03/10 against Michigan – Against a young & undersized Wolverine squad, Sullinger dominated to the tune of 24 points on 72% true shooting.  He scored 8 of Ohio State’s first 10 points, as the Buckeyes cruised to a 77 – 55 victory.  Flashing lefty and righty hook shots, turnaround jumpers, up & unders; Michigan’s bigs could not contain him on the block.  He hit pick-and-pop and step-back jumpers, grabbed offensive rebounds…every offensive skill you would want to see from a big man was on display.  Defense was a mixed bag.  He botched a couple of pick-and-rolls and his focus appeared to wane at times; losing track of his man in transition or on the boards, and one time, fouling a three point shooter. Surprisingly quick feet and rotations gained him a drawn charge, and he frequently posed a nuisance at the basket, including blocking two shots.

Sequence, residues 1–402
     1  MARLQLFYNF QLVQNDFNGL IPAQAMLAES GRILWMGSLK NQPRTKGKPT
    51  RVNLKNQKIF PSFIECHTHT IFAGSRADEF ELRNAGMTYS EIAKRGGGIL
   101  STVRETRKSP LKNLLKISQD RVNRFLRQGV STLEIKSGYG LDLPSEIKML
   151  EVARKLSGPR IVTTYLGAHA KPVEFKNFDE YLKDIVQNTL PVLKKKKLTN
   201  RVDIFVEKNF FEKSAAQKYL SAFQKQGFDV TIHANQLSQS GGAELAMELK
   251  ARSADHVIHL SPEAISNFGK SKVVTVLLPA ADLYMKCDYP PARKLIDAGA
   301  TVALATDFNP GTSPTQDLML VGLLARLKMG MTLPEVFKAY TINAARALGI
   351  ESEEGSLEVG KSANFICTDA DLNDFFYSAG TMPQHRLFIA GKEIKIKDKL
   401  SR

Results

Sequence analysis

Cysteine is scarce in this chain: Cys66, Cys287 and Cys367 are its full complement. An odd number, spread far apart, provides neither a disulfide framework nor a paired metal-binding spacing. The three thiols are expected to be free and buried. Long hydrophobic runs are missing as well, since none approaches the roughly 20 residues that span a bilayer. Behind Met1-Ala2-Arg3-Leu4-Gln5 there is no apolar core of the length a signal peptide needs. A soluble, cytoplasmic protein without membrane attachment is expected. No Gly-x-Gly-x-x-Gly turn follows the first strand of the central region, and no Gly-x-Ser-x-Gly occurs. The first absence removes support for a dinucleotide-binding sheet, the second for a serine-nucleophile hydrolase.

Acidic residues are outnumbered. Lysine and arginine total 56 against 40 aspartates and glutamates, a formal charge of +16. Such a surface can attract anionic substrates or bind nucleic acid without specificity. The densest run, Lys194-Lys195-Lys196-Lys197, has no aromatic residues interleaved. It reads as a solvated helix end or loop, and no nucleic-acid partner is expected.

03/11 against Michigan St – Sitting much of the first half due to foul trouble; Sullinger finished with 18 points and 9 rebounds as Ohio State lost the Big Ten championship game.  As part of a trend, Sullinger struggled against a long, athletic opposing big man, this time Spartan sophomore Adrien Payne.  Payne is 6’10” with a 7’ wingspan, was ranked 30th in their high school class, and lead the Big Ten in block percentage this year.  Sullinger’s 7 of 19 from the field largely resulted due to the menacing presence of Payne.  Despite the poor day shooting, the Buckeye big man showcased several post moves: left & right handed hook shots, once as a countermove, and also hitting a turnaround jumper.  The same defensive miscues of the prior day were present; butchered pick-and-rolls and occasional bouts of lost focus.  A personal irritation about Sullinger is that he complains too much about non-calls; he needs to get back on defense.